Finding a NULL terminated string in memory isn't difficult, but we need to ensure that the address of the string doesn't contain any uppercase characters, NULLs, new lines, carriage returns, commas, or semicolons. Since we are just reading memory, we can use any loaded DLL that has an address in an acceptable range. On my system the dclient.dll module (part of eDirectory) is loaded at base address 0x61000000 and extends to 0x6104f000. Most of the addresses between 0x61010101 and 0x6104efff should work for us. The address 0x6102010c points to "0x01 0x00", a one-byte string that should allow us to pass the strlen() code. We then decrement this address by 3346 bytes, giving us 0x6101f3f9.

 

We detach from the process, restart the service, and reattach again. This time, we are going to send 16 bytes of padding, the 0x6101f3f9 address, packed in little-endian format ("\xf9\xf3\x01\x61") and followed by 1024 bytes of the non-repeating string pattern. A new exception appears:

 

(dc4.dac): Access violation - code c0000005 (first chance)
First chance exceptions are reported before any exception handling.
This exception may be expected and handled.
eax=00000000 ebx=61346961 ecx=00000002
edx=6102010b esi=6102010b edi=61346961
eip=00430a92 esp=02c9e164 ebp=02c9e170
nmma+0x30a92:
00430a92 f3a4 rep movsb ds:6102010b=01 es:61346961=??

 

The movsb instruction takes one byte from the address specified by the esi register and writes it to the address specified by the edi register, incrementing both esi and edi by one. The rep prefix indicates that this will repeat for as many times as the value in the ecx register specifies. We can guess that the value in ecx is the return value of our strlen() function, with one byte added to it to account for the NULL trailer. The edi register points to an address that is most definitely under our control. We know that the application will convert all uppercase characters to their lowercase equivalents, so we can start taking a guess at what offset into our non-repeating string is being used as the destination pointer.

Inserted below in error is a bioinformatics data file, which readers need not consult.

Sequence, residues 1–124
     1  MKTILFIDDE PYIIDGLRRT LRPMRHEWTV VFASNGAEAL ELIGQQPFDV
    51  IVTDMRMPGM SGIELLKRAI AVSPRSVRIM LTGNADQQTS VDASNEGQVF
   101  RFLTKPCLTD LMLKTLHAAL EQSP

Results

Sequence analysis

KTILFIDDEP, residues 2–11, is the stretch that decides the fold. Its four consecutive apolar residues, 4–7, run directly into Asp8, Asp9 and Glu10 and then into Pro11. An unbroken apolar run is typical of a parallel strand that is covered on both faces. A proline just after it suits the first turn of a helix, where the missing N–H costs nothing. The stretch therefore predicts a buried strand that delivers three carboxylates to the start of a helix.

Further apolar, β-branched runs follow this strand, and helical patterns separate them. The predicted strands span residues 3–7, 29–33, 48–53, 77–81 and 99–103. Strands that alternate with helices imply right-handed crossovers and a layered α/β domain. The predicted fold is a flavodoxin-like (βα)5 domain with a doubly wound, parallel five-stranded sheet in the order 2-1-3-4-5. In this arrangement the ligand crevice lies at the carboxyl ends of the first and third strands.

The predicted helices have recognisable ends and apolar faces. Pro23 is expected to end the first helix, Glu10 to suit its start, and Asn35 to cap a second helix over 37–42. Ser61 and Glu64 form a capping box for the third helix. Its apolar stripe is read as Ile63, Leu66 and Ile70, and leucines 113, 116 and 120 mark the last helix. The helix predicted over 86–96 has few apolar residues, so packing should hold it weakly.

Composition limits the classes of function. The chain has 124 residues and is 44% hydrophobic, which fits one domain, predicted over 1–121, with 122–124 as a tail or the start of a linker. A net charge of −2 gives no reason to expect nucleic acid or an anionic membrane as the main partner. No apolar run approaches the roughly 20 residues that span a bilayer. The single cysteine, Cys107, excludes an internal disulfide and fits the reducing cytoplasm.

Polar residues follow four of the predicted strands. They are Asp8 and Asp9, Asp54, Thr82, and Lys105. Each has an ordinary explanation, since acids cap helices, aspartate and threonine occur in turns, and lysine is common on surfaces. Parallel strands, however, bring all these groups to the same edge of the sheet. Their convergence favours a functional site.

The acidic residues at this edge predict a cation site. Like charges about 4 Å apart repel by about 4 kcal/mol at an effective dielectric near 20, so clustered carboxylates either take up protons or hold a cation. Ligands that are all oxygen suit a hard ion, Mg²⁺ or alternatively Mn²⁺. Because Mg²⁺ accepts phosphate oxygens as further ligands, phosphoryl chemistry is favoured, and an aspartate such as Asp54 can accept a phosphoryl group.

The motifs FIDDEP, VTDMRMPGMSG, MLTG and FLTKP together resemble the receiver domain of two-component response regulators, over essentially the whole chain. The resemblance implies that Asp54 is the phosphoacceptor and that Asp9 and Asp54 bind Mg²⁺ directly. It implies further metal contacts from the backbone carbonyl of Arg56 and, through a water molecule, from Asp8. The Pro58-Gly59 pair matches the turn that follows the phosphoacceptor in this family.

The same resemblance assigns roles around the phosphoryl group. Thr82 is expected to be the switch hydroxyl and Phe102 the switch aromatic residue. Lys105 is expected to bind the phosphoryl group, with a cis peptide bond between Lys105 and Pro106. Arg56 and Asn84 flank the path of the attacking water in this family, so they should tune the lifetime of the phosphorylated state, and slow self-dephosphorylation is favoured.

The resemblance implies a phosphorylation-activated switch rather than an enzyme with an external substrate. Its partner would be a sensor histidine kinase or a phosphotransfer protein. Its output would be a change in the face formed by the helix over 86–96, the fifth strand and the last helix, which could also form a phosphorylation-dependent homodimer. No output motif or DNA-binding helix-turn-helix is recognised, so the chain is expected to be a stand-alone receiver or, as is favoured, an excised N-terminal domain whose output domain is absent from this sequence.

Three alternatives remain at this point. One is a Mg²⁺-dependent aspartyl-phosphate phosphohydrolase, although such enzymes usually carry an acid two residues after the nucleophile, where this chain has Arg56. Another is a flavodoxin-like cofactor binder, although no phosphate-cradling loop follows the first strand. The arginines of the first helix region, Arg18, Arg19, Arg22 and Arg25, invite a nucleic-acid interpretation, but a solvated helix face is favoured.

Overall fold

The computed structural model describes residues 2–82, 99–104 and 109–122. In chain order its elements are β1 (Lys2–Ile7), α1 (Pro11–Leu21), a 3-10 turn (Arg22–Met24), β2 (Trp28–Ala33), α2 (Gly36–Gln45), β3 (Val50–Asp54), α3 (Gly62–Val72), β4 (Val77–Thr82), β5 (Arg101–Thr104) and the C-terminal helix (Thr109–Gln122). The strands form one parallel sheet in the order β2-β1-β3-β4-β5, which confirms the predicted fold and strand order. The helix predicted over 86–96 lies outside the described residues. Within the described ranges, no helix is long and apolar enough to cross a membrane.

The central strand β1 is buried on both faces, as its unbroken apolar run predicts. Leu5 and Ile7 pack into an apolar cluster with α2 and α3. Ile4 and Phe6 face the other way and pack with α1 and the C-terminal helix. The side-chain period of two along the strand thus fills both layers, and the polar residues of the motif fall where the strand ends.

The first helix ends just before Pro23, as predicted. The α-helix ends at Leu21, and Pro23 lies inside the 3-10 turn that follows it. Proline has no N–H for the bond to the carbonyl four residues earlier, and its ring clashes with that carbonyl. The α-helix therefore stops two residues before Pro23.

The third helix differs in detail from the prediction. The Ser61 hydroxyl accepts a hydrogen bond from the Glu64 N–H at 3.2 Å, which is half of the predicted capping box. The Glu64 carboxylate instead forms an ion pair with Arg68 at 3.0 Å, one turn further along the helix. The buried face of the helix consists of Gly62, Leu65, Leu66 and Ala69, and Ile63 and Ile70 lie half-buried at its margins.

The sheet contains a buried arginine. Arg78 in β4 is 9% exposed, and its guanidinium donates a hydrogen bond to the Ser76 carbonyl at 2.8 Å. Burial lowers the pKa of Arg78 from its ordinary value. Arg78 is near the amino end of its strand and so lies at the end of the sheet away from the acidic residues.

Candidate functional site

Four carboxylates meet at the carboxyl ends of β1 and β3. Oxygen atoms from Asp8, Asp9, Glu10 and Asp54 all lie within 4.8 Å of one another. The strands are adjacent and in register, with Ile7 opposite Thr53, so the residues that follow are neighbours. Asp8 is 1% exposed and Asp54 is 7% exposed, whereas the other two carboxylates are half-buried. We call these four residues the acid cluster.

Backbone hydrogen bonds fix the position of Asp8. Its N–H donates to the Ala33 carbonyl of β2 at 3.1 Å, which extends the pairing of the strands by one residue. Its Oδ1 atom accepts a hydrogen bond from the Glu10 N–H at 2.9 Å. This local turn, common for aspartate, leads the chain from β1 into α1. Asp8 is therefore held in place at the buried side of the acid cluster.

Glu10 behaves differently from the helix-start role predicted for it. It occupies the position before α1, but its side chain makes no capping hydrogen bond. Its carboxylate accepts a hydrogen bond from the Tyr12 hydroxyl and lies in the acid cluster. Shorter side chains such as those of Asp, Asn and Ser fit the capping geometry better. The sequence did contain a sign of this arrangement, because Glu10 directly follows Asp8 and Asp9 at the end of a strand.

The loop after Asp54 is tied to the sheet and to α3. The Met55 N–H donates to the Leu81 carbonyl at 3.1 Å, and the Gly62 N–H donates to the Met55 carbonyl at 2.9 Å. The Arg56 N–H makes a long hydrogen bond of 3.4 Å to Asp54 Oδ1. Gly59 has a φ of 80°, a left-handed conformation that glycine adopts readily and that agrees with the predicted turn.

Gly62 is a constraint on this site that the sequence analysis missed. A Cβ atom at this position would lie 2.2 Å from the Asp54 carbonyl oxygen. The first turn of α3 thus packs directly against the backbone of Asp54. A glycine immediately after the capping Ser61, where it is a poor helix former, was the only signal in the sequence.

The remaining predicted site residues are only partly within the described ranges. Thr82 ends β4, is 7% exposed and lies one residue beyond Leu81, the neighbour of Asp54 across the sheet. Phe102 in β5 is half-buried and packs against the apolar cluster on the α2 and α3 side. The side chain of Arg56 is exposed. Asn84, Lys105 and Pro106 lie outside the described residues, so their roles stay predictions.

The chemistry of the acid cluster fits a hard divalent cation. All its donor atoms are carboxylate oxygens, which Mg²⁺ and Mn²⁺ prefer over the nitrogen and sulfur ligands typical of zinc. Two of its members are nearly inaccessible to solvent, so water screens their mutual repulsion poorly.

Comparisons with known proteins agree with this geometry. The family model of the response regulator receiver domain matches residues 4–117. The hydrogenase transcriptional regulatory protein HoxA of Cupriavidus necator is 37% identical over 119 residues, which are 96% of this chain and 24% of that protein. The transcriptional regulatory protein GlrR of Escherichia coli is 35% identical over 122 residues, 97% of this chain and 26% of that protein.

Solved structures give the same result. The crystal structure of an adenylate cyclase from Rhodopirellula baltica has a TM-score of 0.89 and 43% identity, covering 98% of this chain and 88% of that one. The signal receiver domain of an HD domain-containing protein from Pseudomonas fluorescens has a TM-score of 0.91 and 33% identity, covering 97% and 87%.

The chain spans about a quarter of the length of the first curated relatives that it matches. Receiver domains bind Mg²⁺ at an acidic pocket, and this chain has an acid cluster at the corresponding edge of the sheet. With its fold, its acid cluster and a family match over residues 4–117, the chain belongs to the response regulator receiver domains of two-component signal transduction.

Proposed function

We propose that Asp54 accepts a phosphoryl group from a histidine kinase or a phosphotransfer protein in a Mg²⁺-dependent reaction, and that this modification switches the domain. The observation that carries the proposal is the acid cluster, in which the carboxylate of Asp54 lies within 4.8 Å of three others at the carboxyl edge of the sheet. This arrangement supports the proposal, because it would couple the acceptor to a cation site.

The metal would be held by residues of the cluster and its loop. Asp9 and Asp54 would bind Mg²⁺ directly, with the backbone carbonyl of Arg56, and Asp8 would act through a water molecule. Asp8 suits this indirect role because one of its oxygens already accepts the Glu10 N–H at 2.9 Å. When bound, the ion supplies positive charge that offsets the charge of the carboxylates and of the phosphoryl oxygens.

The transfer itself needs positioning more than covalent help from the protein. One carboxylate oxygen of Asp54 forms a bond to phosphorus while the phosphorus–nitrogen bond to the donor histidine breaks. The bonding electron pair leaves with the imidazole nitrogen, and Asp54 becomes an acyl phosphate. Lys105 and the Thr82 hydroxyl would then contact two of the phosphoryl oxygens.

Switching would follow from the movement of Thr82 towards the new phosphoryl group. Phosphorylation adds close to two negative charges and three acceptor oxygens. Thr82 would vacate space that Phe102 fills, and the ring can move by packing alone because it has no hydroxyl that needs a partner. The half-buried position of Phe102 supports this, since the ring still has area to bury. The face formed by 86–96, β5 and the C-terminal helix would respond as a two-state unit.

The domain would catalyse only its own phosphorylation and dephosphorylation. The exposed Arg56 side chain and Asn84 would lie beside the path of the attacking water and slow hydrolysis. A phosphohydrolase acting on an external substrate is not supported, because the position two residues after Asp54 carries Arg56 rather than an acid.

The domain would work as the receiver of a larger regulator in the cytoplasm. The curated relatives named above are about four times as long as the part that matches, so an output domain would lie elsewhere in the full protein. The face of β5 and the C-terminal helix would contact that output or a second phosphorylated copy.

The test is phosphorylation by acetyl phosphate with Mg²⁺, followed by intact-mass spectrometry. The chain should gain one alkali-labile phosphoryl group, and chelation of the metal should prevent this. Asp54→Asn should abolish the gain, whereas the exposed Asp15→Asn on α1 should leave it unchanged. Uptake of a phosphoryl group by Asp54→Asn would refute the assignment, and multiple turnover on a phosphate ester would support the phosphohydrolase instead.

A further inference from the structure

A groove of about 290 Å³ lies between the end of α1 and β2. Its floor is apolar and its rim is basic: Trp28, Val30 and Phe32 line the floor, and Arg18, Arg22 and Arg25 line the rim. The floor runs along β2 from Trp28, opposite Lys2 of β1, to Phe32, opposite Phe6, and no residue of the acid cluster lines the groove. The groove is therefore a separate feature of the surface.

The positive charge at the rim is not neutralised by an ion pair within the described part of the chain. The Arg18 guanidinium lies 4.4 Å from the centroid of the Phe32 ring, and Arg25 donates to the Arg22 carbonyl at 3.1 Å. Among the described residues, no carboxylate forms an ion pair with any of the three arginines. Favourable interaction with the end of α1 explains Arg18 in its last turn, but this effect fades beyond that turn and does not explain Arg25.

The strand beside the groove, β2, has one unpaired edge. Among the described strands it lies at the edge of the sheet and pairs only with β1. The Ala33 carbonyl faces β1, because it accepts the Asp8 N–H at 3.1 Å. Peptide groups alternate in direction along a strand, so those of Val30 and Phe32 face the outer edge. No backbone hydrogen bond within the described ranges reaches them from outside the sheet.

$ perl sdk/patternOffset.pl 0x61346961 1024
[no output]
$ perl sdk/patternOffset.pl 0x41346941 1024
252

 

Great! We know that 252 bytes into our pattern, we can overwrite a character pointer that is used as the destination address in the above memory copy routine. At this point, we can set our source pointer to a string we control, and the destination pointer to anything we want to overwrite, and have a field day modifying global variables, overwriting pointers, and generally having our way with the process.